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Chip-Based Optical Sensor Detects Cancer Biomarker in Urine

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ENSCHEDE, Netherlands, Jan. 6, 2020 — Researchers from the University of Twente have used a chip-based sensor with an integrated laser to detect low levels of a cancer protein biomarker in a urine sample. The technology is more sensitive than previous designs and could lead to noninvasive, inexpensive methods of detecting molecules that indicate the presence or progression of a disease.

The research showed that the sensor was able to perform label-free detection of S100A4, a protein associated with human tumor development, at clinically relevant levels. According to research team leader Sonia Garcia-Blanco, the technology paves the way to faster and more sensitive detection of biomarkers, which enables faster treatment and better outcomes.
Pump light coupled to the device produced lasing in a microring resonator. The surface of the resonator holds probes (red anchor molecules on the ring) that capture the analytes of interest. The laser light in the ring extends into the fluid. When analytes of interest (blue triangles) attach to the capture probes, this is sensed by the field outside the microring laser, shifting the frequency of the laser emission. This shift can be very precisely measured permitting the detection of minute amounts of analytes flowing over the sensor in a 'specific' manner (i.e., the pink particles do not bind to the capture layer and are therefore not detected). In the figure, the waveguide are green (real color produced by upconversion of the dopants that induce the laser emission) and a microfluidic channel can be seen in which different particles flow from left to right. Courtesy of Rick Seubers, Optical Sciences group at the University of Twente.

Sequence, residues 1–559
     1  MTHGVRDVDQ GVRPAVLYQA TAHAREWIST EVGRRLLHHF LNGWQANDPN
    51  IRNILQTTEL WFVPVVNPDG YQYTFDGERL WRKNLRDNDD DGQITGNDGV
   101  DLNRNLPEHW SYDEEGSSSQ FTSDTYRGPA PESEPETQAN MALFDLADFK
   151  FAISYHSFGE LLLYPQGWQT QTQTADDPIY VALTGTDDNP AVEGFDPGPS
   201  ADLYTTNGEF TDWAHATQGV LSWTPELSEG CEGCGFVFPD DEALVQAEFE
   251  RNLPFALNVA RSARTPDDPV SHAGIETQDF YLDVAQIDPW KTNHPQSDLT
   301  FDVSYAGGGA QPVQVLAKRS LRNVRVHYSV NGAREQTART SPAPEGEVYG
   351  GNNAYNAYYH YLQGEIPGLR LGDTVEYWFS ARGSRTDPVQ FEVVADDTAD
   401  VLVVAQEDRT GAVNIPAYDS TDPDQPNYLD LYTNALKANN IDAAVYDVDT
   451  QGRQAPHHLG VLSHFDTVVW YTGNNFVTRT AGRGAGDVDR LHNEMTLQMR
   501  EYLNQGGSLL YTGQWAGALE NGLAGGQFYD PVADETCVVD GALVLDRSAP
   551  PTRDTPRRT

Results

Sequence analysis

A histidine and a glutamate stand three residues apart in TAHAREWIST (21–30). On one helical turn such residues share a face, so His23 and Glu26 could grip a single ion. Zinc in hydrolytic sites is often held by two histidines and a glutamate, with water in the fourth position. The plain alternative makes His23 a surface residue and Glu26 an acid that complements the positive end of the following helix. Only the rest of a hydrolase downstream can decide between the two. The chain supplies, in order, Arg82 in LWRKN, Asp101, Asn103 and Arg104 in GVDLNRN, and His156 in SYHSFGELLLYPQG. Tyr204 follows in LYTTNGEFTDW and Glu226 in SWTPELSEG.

Pump light coupled to the device produced lasing in a microring resonator. The surface of the resonator holds probes (red anchor molecules on the ring) that capture the analytes of interest. The laser light in the ring extends into the fluid. When analytes of interest (blue triangles) attach to the capture probes, this is sensed by the field outside the microring laser, shifting the frequency of the laser emission. This shift can be precisely measured permitting the detection of minute amounts of analytes flowing over the sensor in a 'specific' manner (i.e., the pink particles do not bind to the capture layer and are therefore not detected). In the figure, the waveguides are green (real color produced by upconversion of the dopants that induce the laser emission) and a microfluidic channel can be seen in which different particles flow from left to right. Courtesy of Rick Seubers, Optical Sciences group at the University of Twente.



The sensor detects the presence of specific molecules by illuminating the sample with an on-chip microdisk laser, made with aluminum oxide. When doped with ytterbium ions, aluminum oxide can be used to fabricate a laser that emits in a wavelength outside the light absorption band of water, while still enabling the precise detection of biomarkers. When the light interacts with the biomarker of interest, the color, or frequency, of the laser light shifts in a detectable way.

“Although sensors based on monitoring frequency shifts of lasers already exist, they often come in geometries that are not easily integrated on small, disposable photonic chips,” Garcia-Blanco said. “Aluminum oxide can easily be fabricated monolithically on chip and is compatible with standard electronic fabrication procedures.”

Using a microdisk laser rather than the nonlasing ring resonators used in other similar sensors opens the door to unprecedented sensitivity, which comes from the fact that the lasing linewidth is much narrower than the resonances of passive ring resonators. Once other noise sources, such as thermal noise, are eliminated, the method will allow the detection of minute frequency shifts from biomarkers at very low concentrations.

After developing and applying a surface treatment that captures the biomarkers of interest in complex liquids such as urine, the researchers tested the new sensor with synthetic urine containing known biomarker levels. They were able to detect S100A4 at concentrations as low as 300 picomolar.

“Detection in this concentration range shows the potential of the platform for label-free biosensing,” Garcia-Blanco said. “Furthermore, the detection module can be potentially made very simple using the developed technology, bringing it a step closer to the final application outside of the laboratory.”

The researchers are working to incorporate all the relevant optical sources and signal generation components onto the chip to make the device even simpler to operate. They also want to develop various coatings that could allow for parallel detection of a large variety of biomarkers.

The research was published in Optics Letters (www.doi.org/10.1364/OL.44.005937).

Photonics.com
Jan 2020
Research & TechnologyBiophotonicslasersEuropecancermicrodisk lasersSensors & Detectors

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